Liquid water on kiwifruit leaves appears to be a major factor influencin­g plant response to Psa,presumably because it provides conditions favourable for bacterial growth, reproducti­on and spread. With global warming and more extreme weather events, this is predicted to become an increasing economic constraint that will impact on production. It raises the question of whether a totally new production system might provide the answer, or is at least worth investigat­ing. Controllin­g leaf wetness markedly reduces the susceptibi­lity of clean vines to Psa attack. A number of growers are using high tunnels to keep rain water from the plants, and this strategy appears to be working extremely well. (see photo 1). Some of these growers report they now only apply copper sprays to “drop the leaves” at the end of the season. High tunnels would keep the plant dry thereby reducing most of the water on the leaves (and reducing Psa establishm­ent), but the training system would have to be greatly modified to get the best out of the new growing environmen­t. Kiwifruit plant training in the past has been limited to two main methods (T-Bar or Pergola), with no viable alternativ­es developed in recent times. One possible reason being that dwarfing rootstocks have yet to become a commercial reality and there has been no pressure to fix what is not broken. There is potential to look at a horizontal main stem /planar arrangemen­t that might not only allow easy production in a protected (rainfree) environmen­t, but also enhance productivi­ty, both yield and quality without cincturing. The use of “high tunnel” greenhouse­s for kiwifruit might require the introducti­on of bumble bee domiciles for pollinatio­n. If they can be trained to work under plastic they would become a useful partner with supplement­ary pollinatio­n.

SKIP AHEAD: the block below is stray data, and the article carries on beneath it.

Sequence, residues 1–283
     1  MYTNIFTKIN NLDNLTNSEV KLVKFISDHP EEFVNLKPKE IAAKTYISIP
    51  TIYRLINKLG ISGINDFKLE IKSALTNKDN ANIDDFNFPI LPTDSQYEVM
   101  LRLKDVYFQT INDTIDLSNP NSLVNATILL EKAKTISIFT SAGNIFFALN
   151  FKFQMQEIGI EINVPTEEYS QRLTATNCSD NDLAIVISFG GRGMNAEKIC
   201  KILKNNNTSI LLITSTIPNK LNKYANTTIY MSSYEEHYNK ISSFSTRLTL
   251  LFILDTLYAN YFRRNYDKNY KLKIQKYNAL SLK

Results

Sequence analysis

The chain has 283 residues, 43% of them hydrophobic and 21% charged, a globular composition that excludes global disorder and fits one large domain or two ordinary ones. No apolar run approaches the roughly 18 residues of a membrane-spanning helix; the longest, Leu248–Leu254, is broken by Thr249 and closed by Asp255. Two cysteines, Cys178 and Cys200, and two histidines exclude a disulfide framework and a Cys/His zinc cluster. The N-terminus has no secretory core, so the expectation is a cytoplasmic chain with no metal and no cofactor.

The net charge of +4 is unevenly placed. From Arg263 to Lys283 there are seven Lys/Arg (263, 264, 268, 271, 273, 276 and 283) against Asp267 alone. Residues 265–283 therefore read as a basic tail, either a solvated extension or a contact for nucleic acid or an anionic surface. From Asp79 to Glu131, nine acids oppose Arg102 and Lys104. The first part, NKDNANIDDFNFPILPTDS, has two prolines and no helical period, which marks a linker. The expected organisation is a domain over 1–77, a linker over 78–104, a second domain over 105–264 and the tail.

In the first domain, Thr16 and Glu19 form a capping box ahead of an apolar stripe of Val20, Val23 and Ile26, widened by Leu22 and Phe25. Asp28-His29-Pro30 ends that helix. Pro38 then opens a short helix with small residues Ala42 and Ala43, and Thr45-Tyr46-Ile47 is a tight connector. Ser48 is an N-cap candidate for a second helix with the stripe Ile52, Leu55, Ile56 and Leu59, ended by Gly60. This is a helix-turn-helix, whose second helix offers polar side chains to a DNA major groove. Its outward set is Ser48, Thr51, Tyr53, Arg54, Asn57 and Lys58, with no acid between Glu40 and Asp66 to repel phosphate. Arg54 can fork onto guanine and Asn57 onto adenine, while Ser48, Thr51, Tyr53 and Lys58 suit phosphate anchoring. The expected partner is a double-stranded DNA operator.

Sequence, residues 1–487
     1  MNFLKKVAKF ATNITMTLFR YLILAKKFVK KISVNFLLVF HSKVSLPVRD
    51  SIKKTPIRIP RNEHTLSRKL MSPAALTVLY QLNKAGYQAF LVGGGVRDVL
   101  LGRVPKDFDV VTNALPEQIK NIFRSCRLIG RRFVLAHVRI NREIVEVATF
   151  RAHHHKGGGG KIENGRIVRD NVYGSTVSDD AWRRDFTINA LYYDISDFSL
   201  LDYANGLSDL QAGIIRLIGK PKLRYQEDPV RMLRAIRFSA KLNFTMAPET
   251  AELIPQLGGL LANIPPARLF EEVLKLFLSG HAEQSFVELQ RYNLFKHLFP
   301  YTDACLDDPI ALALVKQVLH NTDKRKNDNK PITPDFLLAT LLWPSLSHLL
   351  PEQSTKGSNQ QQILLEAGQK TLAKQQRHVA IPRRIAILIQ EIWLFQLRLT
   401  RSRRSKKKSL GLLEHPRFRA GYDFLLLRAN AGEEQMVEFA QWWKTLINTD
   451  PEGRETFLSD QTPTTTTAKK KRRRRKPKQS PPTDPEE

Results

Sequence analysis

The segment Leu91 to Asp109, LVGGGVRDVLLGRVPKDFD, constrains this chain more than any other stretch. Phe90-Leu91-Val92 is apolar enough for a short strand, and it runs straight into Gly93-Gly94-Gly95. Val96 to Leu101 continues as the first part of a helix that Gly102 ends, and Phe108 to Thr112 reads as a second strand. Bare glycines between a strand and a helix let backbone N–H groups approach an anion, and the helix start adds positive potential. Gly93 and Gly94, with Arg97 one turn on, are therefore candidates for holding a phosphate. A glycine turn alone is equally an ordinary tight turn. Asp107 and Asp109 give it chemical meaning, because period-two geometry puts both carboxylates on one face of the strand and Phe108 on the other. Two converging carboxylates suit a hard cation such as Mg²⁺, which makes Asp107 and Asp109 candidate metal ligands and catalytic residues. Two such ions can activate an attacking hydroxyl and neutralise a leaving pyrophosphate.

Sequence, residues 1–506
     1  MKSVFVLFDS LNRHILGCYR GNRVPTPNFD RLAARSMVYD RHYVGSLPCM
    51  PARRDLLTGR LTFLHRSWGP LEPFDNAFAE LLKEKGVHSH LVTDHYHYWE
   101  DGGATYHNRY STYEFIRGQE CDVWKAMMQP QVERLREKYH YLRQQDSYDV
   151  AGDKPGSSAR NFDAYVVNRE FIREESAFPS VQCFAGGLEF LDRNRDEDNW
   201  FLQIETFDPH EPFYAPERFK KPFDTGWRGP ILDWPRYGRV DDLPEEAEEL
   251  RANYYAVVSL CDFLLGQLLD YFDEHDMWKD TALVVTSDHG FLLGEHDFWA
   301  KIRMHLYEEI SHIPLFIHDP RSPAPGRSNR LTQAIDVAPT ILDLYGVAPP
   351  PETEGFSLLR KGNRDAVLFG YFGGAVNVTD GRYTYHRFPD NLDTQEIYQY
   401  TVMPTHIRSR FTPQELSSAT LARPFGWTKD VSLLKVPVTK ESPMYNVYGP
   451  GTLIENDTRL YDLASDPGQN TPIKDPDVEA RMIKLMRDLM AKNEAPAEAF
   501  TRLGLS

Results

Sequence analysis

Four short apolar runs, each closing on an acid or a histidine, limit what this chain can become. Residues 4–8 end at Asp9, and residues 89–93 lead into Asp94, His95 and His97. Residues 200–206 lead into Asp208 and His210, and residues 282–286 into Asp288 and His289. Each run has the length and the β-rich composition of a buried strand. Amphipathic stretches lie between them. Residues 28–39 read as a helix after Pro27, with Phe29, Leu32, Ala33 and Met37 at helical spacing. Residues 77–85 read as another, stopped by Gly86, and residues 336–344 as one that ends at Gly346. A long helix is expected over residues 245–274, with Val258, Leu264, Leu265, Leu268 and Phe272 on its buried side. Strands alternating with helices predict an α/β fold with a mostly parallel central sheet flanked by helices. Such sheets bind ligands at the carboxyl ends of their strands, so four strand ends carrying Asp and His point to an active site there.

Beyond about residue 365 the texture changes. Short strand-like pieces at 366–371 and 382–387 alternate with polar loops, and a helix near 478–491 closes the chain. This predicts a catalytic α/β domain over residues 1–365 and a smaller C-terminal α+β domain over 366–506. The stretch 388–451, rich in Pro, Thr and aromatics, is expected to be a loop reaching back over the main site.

A permanent single layer espalier system with the fruiting wood held upright as in the UFO (upright fruiting offshoots) system for cherries might provide a possible alternativ­e for kiwifruit growers growing under cover. The winter pruning would then simply comprise cutting the fruiting wood back to the permanent espalier (horizontal cordon) framework. Rows could be much closer together, and spraying (if ever necessary) could be by a permanent set of nozzles. Pollinatio­n should be improved if bumble bees were effective in the tunnels, and the need for pollen imports could be eliminated. The male plants could be grown in containers and put in the high tunnels for pollinatio­n, and then taken outside after fruit set for the rest of the growing season. Compaction of male plants into pots to encourage spur-type growth would reduce the need for pruning cuts and help manage Psa because of reduced points of entry for bacteria.